• I’m going to use this as my picture of something Florida. Turns out bamboo burns really well. But I think I was being a little prejudiced when I said I wanted a picture of “something Florida”. I didn’t see anything that bad. But I did go to an auction where the specialty item for the night was frozen food. And a dancing, singing, mechanical 4 foot tall Santa sold for over a hundred dollars.

IMG_20141129_205950_resized

  • I don’t think I did anything that redneck. I really failed on this front in fact. I could have at least ridden my cousin’s horse without a saddle, or grabbed an ATV for a ride through the mud. Well I’ll be back there in February, hopefully I will get to go mudding then. (I got a pedicure, which is essentially the 100% exact opposite of doing something redneck…)
  • I accompanied my cousin to a horse supply store that is 3 minutes from her house, which she had never been to. But I figured I would use the roller skating rink for this accomplishment: to go somewhere nearby my cousin had never been. I went with her to her friends’ daughters’ birthday party. Roller blade rentals were $3, and after making sure I would not go down hard in a heap, I thoroughly enjoyed gliding around the rink for an hour. It was probably the first time I rollerbladed in a decade.
  • Eating something unique to the area: I totally blew this one out of the water! I tried raw oysters and alligator from Apalachicola, a coastal town on the pan handle. I also tried home made (and hunted) venison summer sausage, and deep fried turkey. I enjoyed all of it, though the turkey tasted the best. I guess it is hard to make something taste bad when you deep fry it in a vat of oil. I still didn’t try boiled peanuts, but I hear I’m not missing much.
  • As for doing some suggestions from the comments, as I’ve mentioned, I ate gator. But I also went to the Pirate’s House in Savannah.

And that is that. It was kind of fun checking things off the list. Maybe I will make up a sort of scavenger hunt adventure to do over the holidays in order to try to capture the vacation feeling while at home.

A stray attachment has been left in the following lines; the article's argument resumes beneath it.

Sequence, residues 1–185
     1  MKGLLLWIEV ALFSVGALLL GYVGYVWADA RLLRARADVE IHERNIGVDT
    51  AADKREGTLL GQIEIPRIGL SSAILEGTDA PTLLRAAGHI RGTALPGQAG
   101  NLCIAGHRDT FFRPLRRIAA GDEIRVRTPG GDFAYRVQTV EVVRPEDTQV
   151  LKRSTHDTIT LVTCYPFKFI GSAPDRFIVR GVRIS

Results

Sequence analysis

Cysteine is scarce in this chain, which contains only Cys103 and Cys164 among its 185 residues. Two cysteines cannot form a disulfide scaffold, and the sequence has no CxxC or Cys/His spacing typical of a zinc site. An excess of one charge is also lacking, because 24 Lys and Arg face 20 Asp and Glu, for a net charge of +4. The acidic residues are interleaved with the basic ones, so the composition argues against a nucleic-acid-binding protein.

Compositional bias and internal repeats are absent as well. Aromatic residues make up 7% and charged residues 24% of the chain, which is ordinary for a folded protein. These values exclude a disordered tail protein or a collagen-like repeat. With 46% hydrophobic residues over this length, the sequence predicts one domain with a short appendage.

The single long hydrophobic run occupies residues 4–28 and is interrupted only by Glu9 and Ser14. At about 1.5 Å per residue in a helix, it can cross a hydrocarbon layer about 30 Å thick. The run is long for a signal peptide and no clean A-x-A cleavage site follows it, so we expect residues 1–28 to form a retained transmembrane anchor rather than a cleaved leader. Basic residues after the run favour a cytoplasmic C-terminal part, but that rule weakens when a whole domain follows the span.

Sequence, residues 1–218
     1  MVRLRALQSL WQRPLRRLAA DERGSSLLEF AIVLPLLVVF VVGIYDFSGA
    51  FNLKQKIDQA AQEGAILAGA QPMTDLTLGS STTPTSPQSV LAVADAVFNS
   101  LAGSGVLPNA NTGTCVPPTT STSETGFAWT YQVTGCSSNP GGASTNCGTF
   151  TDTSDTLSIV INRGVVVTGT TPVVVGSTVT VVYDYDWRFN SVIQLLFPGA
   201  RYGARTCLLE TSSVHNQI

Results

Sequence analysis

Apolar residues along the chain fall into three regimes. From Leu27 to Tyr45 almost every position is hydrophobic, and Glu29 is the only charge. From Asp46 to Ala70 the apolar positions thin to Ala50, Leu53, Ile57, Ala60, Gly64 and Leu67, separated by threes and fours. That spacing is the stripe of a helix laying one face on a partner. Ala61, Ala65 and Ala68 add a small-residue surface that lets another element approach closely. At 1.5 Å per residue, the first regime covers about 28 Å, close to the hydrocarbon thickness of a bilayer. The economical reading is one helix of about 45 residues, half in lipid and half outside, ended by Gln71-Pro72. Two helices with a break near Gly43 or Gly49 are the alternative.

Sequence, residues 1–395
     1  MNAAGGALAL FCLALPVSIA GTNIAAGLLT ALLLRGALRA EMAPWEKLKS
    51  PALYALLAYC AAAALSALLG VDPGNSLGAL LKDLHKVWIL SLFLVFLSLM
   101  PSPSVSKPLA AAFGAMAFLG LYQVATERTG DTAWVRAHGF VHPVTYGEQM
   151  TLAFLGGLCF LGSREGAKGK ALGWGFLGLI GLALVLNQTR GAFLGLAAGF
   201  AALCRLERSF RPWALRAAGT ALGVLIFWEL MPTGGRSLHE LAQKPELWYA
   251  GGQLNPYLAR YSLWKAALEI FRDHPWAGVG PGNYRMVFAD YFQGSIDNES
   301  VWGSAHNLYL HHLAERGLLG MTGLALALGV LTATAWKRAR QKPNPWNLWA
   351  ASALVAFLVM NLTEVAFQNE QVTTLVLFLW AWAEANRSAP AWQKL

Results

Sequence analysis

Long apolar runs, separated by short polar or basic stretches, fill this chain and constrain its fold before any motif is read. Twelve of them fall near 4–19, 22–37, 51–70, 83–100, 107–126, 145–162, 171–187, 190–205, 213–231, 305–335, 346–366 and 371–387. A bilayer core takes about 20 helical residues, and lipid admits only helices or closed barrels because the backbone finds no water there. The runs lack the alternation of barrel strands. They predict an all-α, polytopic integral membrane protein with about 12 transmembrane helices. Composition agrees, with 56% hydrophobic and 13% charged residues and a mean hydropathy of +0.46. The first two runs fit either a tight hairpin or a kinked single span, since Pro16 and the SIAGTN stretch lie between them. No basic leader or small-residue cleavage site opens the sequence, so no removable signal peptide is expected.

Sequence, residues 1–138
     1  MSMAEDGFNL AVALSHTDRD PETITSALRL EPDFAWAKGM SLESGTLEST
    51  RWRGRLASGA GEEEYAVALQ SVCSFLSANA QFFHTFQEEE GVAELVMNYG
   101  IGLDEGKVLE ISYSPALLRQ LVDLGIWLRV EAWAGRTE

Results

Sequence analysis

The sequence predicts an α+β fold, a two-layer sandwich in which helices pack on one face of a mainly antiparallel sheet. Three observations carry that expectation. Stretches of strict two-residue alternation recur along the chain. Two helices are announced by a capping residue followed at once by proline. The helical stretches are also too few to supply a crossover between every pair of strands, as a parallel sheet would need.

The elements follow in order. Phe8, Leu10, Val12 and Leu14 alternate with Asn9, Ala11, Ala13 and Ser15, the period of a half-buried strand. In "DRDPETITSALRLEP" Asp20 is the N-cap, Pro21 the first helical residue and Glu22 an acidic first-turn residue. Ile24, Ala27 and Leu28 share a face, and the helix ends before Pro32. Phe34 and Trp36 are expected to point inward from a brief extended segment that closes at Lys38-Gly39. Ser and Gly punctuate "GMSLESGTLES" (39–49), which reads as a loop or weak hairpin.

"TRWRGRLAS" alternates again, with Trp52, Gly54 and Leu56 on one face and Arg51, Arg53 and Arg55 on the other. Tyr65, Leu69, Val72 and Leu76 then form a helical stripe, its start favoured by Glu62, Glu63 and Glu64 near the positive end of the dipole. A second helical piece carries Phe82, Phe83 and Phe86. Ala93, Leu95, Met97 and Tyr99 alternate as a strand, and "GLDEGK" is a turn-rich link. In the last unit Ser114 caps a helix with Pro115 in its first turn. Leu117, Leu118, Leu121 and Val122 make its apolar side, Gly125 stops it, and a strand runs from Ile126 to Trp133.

20141124_132200

 

Wait, Why Did I Leave 80 Degree Sunny Florida?

I am now back in the desolate tundra that is wintertime New England. It was a great trip. I realized how much easier it is to drive around in most of the country. Straighter roads, fewer people, and you can keep an eye out for the cops from a longer distance. No exaggeration, I saw more revenue collectors cops during the hour or less I spent driving through New York than the entire rest of the trip. Seriously.

From the radio, you would think there were only five songs ever written, two by Taylor Swift. Quite the percentage. But it was a good drive; my Mustang made it, and now has over 230,000 miles on it… time for an oil change. Here are a few highlights from the last couple days of my vacation.

My Aunt and Uncle were kind enough to take me on a trip in their plane up to Apalachicola on the pan handle. I felt like a little kid I was so excited. The only other time I have been in a plane that small was when I went parachuting.

20141129_130414

My Aunt (a lawyer) said they call these doctor/lawyer killers because they are affordable enough, but when you’re busy with work, you don’t get a lot of practice. Her husband was flying this time.

 

20141129_132118

See how legit I am: I even had the headset. (It was really loud without those noise canceling headphones)

 

Flying low, approaching the Apalachicola airport

Flying low, approaching the Apalachicola airport

Hard "likker", or as we would say in New England, Hahhd Likka.

Hard “likker”, or as we would say in New England, Hahhd Likka.

I tried raw oysters (not bad, but next time I'll probably have them cooked)

I tried raw oysters (not bad, but next time I’ll probably have them cooked)

I also tried alligator puff pastry. Tasted like chicken.

I also tried alligator puff pastry. Tasted like chicken.

...might have come from this guy.

…might have come from this guy.

And finally on my drive home near Savannah, I couldn't resist one last stop to soak up the sun. Here is the little piece of paradise where I ate lunch.

And finally on my drive home near Savannah, I couldn’t resist one last stop to soak up the sun. Here is the little piece of paradise where I ate lunch.

Tomorrow I will go through my list of goals to let you know how I did. 🙂

Do It For The Perspective: Money Isn’t the Only Valuable

I’m back! As in, vacation me which is my natural state of happy existence. Even my cousin could tell the change in tone from when I started this blog in July, and as of late. But there is something about getting out there, seeing new things, and talking to new people that breaks down this mundane and lethargic shell. The shell that says it is not that important to enjoy every minute of life, the shell that convinces us money is more important than living life to the fullest.

[By the way I’m going to mix in pictures of Barrow throughout this post for no apparent reason other than it makes me happy.]

20141124_164719

Being a relatively responsible person, I was a bit stressed about money before this trip. And it helped that I spent about $70 fewer dollars on gas on the way down. But really at the end of the day, I know I am not going to go into crippling debt. So why would I let a few hundred dollars make or break a vacation?

20141124_164646